Poor George W. Bush, he is so busy with Iraq and Social Security that he just doesn’t have time to worry about the planet we all live on. Global Warming, the loss of biodiversity, and pollution are probably somewhere on his to-do list, just way down at the bottom. But let’s excuse Bush for the moment and take a look at his critics, from the Democrats to the Europeans to Michael Moore.
These Bushwhackers constantly attack the president for playing politics in the political arena, for being a rich guy who looks out for rich guys, for bringing violence to a violent region, and for inflaming hatred among people who already hated everyone who isn’t like them. I suspect that history will not judge him as harshly on these issues as his detractors imagine. I sometimes wonder what planet these Bush haters are living on, because here on Earth there are serious problems that dwarf those issues that dominate the public’s attention. In the 2004 US election, for example, the envi-ronment wasn’t even a key issue. Kerry mostly ignored it because polls indicated that voters didn’t care. Do these peo-ple who were polled eat food that grows out of soil? Do they drink water? Do they breathe air? It is puzzling how nature can be viewed as a non-factor to people who rely on it to live.
It is important to understand that the global warming issue is not about saving some bird species to keep the ornitholo-gists happy, nor is it about preserving scenic views for the rich. This is about more poor people in Africa starving because of climate change. It’s about more children in Asia dying from malaria because global warming means more mosquitoes. This is about human suffering.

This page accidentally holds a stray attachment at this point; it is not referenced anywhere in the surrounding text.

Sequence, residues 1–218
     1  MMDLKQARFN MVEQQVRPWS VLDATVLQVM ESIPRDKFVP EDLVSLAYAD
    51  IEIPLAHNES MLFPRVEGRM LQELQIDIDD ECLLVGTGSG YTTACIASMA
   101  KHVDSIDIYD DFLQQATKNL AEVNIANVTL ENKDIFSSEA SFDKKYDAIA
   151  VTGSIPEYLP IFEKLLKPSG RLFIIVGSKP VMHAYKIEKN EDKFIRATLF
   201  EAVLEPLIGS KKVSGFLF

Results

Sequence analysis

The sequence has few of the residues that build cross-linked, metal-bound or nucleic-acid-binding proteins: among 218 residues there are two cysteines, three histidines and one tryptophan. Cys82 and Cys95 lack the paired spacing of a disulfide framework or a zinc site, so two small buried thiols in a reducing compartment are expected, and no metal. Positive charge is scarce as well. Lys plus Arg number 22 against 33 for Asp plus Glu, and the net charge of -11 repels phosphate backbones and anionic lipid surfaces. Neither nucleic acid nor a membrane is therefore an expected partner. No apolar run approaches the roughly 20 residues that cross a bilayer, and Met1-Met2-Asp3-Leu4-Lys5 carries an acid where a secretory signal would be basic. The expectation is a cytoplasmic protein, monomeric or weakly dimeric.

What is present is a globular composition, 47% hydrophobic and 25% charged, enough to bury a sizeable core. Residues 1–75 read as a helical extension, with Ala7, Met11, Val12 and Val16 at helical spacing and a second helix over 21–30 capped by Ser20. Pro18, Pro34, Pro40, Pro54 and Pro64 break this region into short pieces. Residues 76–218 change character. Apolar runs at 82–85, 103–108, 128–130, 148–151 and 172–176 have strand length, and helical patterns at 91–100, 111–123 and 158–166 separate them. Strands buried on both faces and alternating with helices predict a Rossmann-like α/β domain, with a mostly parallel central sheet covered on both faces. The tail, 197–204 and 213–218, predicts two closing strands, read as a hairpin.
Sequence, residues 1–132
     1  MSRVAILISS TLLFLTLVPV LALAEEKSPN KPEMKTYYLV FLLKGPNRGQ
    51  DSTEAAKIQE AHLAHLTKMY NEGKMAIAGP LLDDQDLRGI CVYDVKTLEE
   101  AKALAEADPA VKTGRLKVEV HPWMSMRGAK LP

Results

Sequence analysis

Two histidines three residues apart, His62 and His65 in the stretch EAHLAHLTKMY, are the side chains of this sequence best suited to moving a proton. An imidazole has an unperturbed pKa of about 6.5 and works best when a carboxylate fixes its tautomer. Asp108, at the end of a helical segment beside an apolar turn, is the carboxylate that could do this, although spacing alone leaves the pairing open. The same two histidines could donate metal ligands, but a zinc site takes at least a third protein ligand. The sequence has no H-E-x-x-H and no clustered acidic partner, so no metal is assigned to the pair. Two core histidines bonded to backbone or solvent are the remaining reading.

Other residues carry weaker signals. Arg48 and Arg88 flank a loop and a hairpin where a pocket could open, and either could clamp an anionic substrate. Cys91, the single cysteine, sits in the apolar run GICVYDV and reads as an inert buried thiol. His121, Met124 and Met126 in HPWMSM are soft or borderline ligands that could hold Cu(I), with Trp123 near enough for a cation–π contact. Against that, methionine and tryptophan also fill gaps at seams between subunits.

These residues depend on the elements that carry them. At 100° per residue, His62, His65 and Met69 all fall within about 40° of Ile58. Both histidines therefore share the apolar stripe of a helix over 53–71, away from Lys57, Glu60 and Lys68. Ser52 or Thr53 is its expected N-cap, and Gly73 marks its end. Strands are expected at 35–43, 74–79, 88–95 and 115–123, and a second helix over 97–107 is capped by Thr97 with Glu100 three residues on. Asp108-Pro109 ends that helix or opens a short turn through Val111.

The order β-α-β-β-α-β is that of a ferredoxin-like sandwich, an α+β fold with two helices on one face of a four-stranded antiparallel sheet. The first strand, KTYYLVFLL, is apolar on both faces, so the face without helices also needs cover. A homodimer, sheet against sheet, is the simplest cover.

Who cares if Bush makes a mess of Iraq or gives too many concessions to America’s millionaires? Iraqis, millionaires and everyone else live on the same small planet. All of our grandchildren will share in the consequences of Bush’s choices.
President Bush’s greatest blunder, the one that will be prominent in the history books one day, is his strong anti-environment stance and his lack of action in the face of global warming’s threat. If America’s leading scientists are to be believed, Bush has a downright medieval approach to science. He just doesn’t seem to believe in considering scientific input when deciding on policy. This week, members of the American Association of the Advancement of Science publicly announced that scientists in important US government agencies are being ignored and even pressured to lie by the White House in order to avoid conflict with Bush’s policies. This is not the best way to run a world.
Only a few years ago Bush was one of those pathetic global warming deniers. He quietly reversed his position in 2004 and now admits it is real. But he still doesn’t want to do anything about it. History will not be kind to him for this inac-tion. In fairness, Clinton was no better. He too could have done something significant about global warming when he was in office. Smart people back then knew what was happening and what needed to be done. Clinton’s vice president, Al Gore, had even written a book on the subject. In it, Gore compared inaction on global warming to passively watching the Holocaust unfold in front of you. But, still, the Clinton administration betrayed the world, just like Bush is doing now.
It is amazing that so many people get worked up over every little thing Bush does but do not show similar passion about his lack of concern for the planet’s slide into disaster. This makes no sense, because Bush’s greatest policy failure-the environment-easily overshadows all others, now and well into the future.